My only last "take" on the Holiday Newsletter is this, they go against the concept of my greeting card display thingee since they aren't particularly decorative (see purple construction paper reference) and are a very different size than the cards with which they arrive and for which my display thingee is designed. Logistically, Holiday Newsletters aren't my favorite. But I do like to read them (see entire post prior to this paragraph) and I refuse to separate them from their appropriately sized card counterparts because that would compromise my carefully crafted personal bubble of anal-retentiveness. So, they're up there. I don't include them in my yearly recycling of gift cards because, well, they're not pretty or useful in that way, but they're up there for all to see.

Something to keep in mind when you shun the spellchecker or misspell your children's names. I'm just saying. People might see your newsletter sticking out from behind your card and think mean things about you is all.

But keep them coming. I like to know that you're all out there making sure the earth is being repopulated, Disneyland still has people willing to pay $20 for a churro and that you're visiting places I really want to go but haven't yet (Greece, Australia). They give me a chance to feel like we're still friends because I know what you're up to and also to be jealous that you look real skinny or glad about my same old haircut because you look like Beavis with your weird new "stylish" doo.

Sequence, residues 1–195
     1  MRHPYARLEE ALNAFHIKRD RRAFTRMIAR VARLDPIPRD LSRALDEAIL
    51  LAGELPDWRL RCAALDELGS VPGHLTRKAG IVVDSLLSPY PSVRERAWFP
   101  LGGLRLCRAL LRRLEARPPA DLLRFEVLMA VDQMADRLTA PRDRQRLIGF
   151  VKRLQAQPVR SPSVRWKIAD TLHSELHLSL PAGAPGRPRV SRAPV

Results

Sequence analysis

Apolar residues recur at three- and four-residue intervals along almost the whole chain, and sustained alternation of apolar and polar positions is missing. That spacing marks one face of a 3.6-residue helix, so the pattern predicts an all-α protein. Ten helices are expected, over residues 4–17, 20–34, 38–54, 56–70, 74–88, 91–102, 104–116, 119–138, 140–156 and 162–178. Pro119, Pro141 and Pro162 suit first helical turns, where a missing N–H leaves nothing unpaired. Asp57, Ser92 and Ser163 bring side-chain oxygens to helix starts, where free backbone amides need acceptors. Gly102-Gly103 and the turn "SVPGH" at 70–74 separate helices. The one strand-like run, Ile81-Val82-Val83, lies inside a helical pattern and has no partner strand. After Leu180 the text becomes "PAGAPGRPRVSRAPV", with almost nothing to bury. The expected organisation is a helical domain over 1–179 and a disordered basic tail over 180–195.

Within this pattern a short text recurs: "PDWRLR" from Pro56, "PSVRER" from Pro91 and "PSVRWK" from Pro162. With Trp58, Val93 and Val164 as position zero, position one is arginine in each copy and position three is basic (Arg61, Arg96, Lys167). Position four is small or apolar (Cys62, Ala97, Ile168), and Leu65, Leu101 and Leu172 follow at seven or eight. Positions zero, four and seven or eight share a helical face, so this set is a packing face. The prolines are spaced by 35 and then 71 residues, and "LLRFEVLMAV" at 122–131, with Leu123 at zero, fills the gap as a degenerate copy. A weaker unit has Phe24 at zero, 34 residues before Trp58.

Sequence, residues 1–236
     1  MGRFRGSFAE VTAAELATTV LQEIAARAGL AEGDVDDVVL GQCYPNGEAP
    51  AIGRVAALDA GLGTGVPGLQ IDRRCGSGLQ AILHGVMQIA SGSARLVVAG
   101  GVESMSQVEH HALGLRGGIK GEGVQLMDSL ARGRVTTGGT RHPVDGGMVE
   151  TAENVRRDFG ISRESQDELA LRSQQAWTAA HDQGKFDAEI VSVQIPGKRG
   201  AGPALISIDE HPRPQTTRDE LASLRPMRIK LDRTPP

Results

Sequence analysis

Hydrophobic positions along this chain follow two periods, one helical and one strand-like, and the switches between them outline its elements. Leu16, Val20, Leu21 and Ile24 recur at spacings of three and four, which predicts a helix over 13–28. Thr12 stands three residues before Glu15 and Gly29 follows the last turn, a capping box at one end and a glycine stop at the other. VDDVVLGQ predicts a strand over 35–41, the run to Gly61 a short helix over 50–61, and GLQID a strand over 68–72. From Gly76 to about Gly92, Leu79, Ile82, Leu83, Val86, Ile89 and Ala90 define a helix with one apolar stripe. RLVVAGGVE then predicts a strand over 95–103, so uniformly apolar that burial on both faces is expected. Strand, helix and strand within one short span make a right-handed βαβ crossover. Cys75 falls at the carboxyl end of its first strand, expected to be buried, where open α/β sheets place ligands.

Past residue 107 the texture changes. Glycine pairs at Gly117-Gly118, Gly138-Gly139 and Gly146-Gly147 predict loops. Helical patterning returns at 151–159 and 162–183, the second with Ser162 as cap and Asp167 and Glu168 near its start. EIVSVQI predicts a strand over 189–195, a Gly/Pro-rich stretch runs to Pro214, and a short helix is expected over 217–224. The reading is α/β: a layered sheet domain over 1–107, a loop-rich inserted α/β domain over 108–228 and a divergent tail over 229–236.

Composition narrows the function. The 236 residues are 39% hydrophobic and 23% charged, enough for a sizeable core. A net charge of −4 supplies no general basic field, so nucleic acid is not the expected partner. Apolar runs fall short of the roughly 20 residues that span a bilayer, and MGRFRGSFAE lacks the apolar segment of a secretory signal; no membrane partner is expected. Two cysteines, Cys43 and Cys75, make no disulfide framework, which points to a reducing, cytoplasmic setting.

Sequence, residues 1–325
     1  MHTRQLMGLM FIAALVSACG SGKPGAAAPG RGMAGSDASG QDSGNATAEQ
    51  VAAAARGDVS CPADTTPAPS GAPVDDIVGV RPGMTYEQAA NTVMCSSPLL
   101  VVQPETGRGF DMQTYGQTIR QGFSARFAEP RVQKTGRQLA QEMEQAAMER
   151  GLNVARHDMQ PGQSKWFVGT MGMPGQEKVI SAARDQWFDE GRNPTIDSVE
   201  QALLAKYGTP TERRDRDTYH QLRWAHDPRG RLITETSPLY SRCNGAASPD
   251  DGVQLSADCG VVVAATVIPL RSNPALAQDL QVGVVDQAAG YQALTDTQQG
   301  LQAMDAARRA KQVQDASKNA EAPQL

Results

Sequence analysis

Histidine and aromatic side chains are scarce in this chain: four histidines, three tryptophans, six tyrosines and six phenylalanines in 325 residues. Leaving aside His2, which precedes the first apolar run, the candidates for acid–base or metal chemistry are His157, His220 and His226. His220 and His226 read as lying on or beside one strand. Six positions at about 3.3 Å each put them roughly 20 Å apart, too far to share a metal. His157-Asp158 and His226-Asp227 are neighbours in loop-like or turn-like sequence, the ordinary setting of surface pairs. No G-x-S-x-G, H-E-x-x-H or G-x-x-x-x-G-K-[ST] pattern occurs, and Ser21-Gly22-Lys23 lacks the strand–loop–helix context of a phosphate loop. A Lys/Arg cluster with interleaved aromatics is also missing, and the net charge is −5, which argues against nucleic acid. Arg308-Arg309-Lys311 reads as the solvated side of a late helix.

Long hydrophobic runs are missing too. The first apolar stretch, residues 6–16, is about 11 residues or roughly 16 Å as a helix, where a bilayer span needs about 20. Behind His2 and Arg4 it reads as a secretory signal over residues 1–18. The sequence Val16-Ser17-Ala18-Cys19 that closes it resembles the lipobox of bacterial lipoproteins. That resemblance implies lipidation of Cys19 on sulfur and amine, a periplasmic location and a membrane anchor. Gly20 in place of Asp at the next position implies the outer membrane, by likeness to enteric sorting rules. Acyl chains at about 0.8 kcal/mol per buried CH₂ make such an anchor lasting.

Maybe one year I'll go beyond the "We had lots of fun in 200X and hope you have a great 200X!" or whatever and venture into the inner sanctum of the Holiday Newsletter, but not yet. For now, I'm perfectly satisfied to sum up our year with a string of verbs so totally out of context that you're challenged to either figure it out on your own or just do whatever it is you do with holiday cards - not paying a second moment's attention to our yearly word jumble.

Either way, our card will show up with generally acceptable dimensions, spell-checked for accuracy and reviewed for content. It will not include any construction paper, confetti (damn you to hell for this) or crayon marks. I will not have the dog or cat "stamp" the envelope with their paw.

And then we'll all have Merry Happy Holidays That We Celebrate and have a great New Year.


  1. Love it. Post by request, awesome. And, BFF... warm fuzzies.

  2. Just for that, I mail have to email you my holiday newsletter (which is pancake-free).

  3. Holiday Newsletter: Cheap Therapy or Maoist Self-Denunciation? Discuss.


[2013 update: You can't comment as an anonymous person anymore. Too many douchebags were leaving bullshit SPAM comments and my inbox was getting flooded, but if you're here to comment in a real way like a real person, go to it.]

Look at you commenting, that's fun.

So, here's the thing with commenting, unless you have an email address associated with your own profile, your comment will still post, but I won't have an email address with which to reply to you personally.

Sucks, right?

Anyway, to remedy this, I usually come back to my posts and post replies in the comment field with you.

But, if you ever want to email me directly to talk about pumpkins or shoes or what it's like to spend a good part of your day Swiffering - shoot me an email to finnyknitsATgmailDOTcom.